Zionism is derived from the word Zion, referring to the Biblical Land of Israel. In the late 19th century, Zionism emerged as a political movement to reestablish a Jewish state in Israel, the ancestral homeland of the Jewish People. Today, Zionism refers to support for the continued existence of Israel, in the face of regular calls for its destruction or dissolution. Anti-Zionism is opposition to Jews having a Jewish state in their ancestral homeland, and denies the Jewish people’s right to self-determination.  


The belief that the Jews, alone among the people of the world, do not have a right to self-determination — or that the Jewish people’s religious and historical connection to Israel is invalid — is inherently bigoted. When Jews are verbally or physically harassed or Jewish institutions and houses of worship are vandalized in response to actions of the State of Israel, it is antisemitism. When criticisms of Israel use antisemitic ideas about Jewish power or greed, utilize Holocaust denial or inversion (i.e. claims that Israelis are the “new Nazis”), or dabble in age-old xenophobic suspicion of the Jewish religion, otherwise legitimate critiques cross the line into antisemitism. Calling for a Palestinian nation-state, while simultaneously advocating for an end to the Jewish nation-state is hypocritical at best, and potentially antisemitic.


No. The International Holocaust Remembrance Alliance’s Working Definition of Antisemitism (“the IHRA Definition”) — employed by governments around the world — explicitly notes that legitimate criticism of Israel is not antisemitism: “Criticism of Israel similar to that leveled against any other country cannot be regarded as antisemitic.” [1] When anti-Zionists call for the end of the Jewish state, however, that is no longer criticism of policy, but rather antisemitism.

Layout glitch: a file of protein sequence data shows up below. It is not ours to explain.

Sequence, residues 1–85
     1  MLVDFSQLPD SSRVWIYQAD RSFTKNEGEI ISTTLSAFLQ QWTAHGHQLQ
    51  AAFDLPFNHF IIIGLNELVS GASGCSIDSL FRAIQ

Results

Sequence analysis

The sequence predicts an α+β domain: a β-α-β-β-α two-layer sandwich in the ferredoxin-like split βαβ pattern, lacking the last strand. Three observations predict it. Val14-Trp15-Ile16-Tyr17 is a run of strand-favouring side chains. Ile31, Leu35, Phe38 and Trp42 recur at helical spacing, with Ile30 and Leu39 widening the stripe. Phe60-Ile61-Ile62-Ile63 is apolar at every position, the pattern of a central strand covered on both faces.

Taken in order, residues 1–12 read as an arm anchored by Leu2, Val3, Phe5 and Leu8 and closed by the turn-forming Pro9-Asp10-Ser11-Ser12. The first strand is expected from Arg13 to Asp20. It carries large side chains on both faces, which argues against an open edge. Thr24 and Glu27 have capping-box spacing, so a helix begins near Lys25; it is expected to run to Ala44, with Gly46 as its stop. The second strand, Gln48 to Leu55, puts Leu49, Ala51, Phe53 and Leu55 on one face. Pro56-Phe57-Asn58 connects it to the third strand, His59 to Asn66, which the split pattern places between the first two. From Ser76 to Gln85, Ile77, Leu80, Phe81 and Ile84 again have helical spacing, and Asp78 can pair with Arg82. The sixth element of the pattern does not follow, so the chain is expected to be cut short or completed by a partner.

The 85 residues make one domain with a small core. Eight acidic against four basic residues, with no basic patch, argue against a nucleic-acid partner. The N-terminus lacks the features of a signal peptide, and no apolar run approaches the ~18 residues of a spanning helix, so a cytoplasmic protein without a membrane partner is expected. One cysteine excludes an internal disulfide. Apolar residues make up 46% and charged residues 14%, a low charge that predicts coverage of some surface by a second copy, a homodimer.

The Boycott, Divestment, and Sanctions (BDS) movement and leadership, including founder Omar Barghouti, call for the elimination of Israel as a Jewish state. [2] The BDS Movement operates under the guise of social justice and Palestinian rights, but the end goal of the movement is to undermine and eliminate Jewish rights. In addition, BDS supports “anti-normalization” — which seeks to make taboo any cooperation between Israelis and Arabs. On college campuses, this extends to urging people who see themselves as allies of the Palestinian cause to marginalize Jewish students (unless those students preemptively disavow Zionism). This can also be a form of antisemitism because it renders collaboration impossible except on Palestinian terms, removing agency from individual Jews. It is important to note, however, that while the BDS movement has antisemitic motivations, supporters of the movement are not ipso facto antisemitic; many supporters are unaware of the movement’s antisemitic foundation and mistakenly believe that BDS is a way to express their sympathy for Palestinians.

  1.  https://www.holocaustremembrance.com/working-definition-antisemitism
  2.  https://www.jewishvirtuallibrary.org/bds-in-their-own-words